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The Spokesman-Review Newspaper
Spokane, Washington  Est. May 19, 1883

Whitman Neighborhood Council keeps community focused

Vhinnia Binejal, of the Swag team, winds up for a smash hit during a Marshallese Community Softball Association game in August 2012 at Rochester Heights Park in north Spokane. (Dan Pelle / The Spokesman-Review)
By Terry Vent The Spokesman-Review

When Rochester Heights Park added an all-ages exercise area last fall, the city held a ribbon-cutting ceremony. “The mayor came out, the parks department, the whole works,” Whitman Neighborhood Council chair Charles Hansen said.

The exercise area, sponsored by TrueGreen’s TrueNeighbor program, features a hand-cycle, a pull-up bar, a balance beam and stations for steps, knee lifts and body curls. “It’s designed for all ages, from 5 to 85,” Hansen said.

Rochester Heights Park is the centerpiece of what might be the fullest, most finished neighborhood in Spokane.

“Whitman has been an established neighborhood for many years,” council secretary Don Sundahl said. “There really isn’t any open land anywhere; it’s all built up.”

“I think by the last count there were nine vacant lots (left) in the neighborhood,” council Chair Charles Hansen said.

Whitman, Spokane’s second smallest organized neighborhood after Browne’s Addition, covers the 64 city blocks between Perry and Crestline streets, from Wellesley to Francis avenues. Zoned single-family residential, Whitman has just a smattering of duplexes – holdovers from a previous zoning plan – and no apartments.

“We have more houses per acre than any other neighborhood in District 1,” Hansen said.

Whitman, Bemiss and Hillyard formed the Hillyard Alliance and collaborated on a 2010 neighborhood action plan. “I go to all their meetings,” Hansen said. “Mainly we’ve been talking about what to do with the freeway.”

Whitman isn’t in the north-south freeway’s projected path, so Hansen is primarily concerned about how the interchanges will funnel traffic through the neighborhood.

“They are going to be at Wellesley in about two years,” he said. “The next exit from the freeway is going to be clear at Trent, so if you’re going to get off the freeway anyplace up this way, you’re going to either be on Wellesley or Francis from now on.”

In 2009, as part of the Hillyard Alliance neighborhood planning process, a group of planning department students from Eastern Washington University told Hansen that Whitman almost fit their model for a perfect neighborhood.

“You put the school in the middle, put all the arterials around the outside, and you have sidewalks everyplace,” Hansen said.

“Except we didn’t have the sidewalks,” he said.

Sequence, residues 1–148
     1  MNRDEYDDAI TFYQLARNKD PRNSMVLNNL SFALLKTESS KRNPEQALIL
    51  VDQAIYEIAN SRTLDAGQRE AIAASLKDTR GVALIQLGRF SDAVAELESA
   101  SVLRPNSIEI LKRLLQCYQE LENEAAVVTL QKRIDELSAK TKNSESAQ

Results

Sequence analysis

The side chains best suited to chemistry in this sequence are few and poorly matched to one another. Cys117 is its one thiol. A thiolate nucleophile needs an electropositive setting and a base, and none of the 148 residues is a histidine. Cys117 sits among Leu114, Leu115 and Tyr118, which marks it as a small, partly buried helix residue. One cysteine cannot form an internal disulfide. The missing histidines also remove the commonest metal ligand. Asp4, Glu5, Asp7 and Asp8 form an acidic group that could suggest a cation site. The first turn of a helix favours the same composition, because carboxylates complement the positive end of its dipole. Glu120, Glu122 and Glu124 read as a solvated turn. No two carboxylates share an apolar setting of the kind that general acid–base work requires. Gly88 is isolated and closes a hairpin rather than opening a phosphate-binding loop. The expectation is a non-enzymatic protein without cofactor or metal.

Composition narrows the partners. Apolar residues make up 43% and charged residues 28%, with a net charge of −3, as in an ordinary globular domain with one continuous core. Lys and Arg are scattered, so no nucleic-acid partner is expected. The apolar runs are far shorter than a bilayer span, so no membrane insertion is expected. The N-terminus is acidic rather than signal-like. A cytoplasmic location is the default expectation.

So they got to work. First, the council funded sidewalks, ADA ramps and a crosswalk at the north end of Rochester Heights Park, so residents of the Magnolia Care Assisted Living Center could get across Rowan Avenue. The council also placed a crosswalk east of Magnolia Street to be clear of the Whitman Elementary School zone area.

“The school didn’t (need) another crosswalk they had to man after school gets out,” said Hansen.

The latest sidewalk project runs along Pittsburg Street, across from Whitman Elementary School. “Originally it was only supposed to go between Queen and Olympic,” Hansen said. “But now they … are going clear down to Everett.”

In addition to Pittsburg, according to the plan, there will be sidewalks on both sides of North and Sanson avenues and Helena Street, covering the two blocks between the school and the park. “In the next two years, we’ll have six more blocks done,” Hansen said.

The Spokane Regional Health District and the city of Spokane Parks and Recreation Department are working on community engagement and development in Rochester Heights Park. The Whitman, Hillyard, Bemiss, Chief Garry, Minnehaha and East Central neighborhood councils dedicated developmental funding to the park.

The parks department installed an ADA walking path and benches in the north end of the park in 2017. It will pave a walking path through the southern end in this year. An update to the playground equipment is in the works.

Hansen wants to put benches and picnic tables at the top of the hill near the west end of the park, above the play area. “You can see the whole park from there, and there’s shade,” he said.

The council calls its biggest headache the hole. The hole is an oblong sandbox near the southeast corner of the park, deep enough to hide people from street view.

“It used to be the playground,” said Hansen. “If you go down there, you can find needles and all kinds of fun stuff.”

There was a ridge between the old playground and a since-removed wading pool. Hansen said parents complained that they could not properly supervise their children between the two locations, so the parks department moved the playground across the park, near the pool.

Hansen said it might cost as much as $100,000 to fill in the hole. “They’ll have to put in a new sprinkler system,” he said. “(And) it has to be uncontaminated dirt.”

The council will hear the latest on the hole from the parks department at Whitman’s next council meeting. “We’re hoping to get it done this summer,” said Hansen.